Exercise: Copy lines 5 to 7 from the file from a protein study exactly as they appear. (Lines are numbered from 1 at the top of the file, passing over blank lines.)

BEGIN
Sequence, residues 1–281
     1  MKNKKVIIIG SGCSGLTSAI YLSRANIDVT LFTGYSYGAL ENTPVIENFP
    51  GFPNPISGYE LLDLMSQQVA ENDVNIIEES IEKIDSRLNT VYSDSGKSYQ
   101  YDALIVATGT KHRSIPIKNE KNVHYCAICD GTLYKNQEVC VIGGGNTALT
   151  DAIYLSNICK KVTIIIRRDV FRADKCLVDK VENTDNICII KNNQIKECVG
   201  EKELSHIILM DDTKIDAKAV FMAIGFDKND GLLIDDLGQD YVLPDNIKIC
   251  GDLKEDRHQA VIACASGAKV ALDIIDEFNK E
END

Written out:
   151  DAIYLSNICK KVTIIIRRDV FRADKCLVDK VENTDNICII KNNQIKECVG
   201  EKELSHIILM DDTKIDAKAV FMAIGFDKND GLLIDDLGQD YVLPDNIKIC
   251  GDLKEDRHQA VIACASGAKV ALDIIDEFNK E